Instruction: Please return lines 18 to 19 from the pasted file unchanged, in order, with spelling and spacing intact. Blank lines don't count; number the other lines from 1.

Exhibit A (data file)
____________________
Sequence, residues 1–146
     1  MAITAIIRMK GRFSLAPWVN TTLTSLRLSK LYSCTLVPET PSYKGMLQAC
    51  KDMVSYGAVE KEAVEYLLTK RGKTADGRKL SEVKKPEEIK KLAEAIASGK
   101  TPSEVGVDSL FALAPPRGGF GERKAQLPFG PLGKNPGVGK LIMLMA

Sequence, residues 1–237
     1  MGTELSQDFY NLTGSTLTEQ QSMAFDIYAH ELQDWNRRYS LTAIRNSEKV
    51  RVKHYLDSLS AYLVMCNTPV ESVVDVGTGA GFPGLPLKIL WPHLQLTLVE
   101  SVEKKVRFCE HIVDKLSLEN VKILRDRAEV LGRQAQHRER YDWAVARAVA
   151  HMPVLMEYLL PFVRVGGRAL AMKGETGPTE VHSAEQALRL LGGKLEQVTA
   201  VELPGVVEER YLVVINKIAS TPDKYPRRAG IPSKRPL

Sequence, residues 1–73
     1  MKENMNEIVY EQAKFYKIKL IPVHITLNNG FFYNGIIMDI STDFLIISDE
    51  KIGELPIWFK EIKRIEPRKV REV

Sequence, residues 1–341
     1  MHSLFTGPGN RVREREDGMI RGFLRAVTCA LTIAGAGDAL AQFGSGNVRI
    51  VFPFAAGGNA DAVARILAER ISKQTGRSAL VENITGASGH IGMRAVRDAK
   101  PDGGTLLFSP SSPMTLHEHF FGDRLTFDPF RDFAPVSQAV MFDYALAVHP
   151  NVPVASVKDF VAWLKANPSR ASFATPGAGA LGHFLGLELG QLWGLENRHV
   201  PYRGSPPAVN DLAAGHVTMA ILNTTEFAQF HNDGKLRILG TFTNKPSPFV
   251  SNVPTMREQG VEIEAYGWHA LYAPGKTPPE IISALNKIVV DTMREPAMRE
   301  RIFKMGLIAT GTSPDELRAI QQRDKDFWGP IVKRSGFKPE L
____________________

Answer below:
   151  NVPVASVKDF VAWLKANPSR ASFATPGAGA LGHFLGLELG QLWGLENRHV
   201  PYRGSPPAVN DLAAGHVTMA ILNTTEFAQF HNDGKLRILG TFTNKPSPFV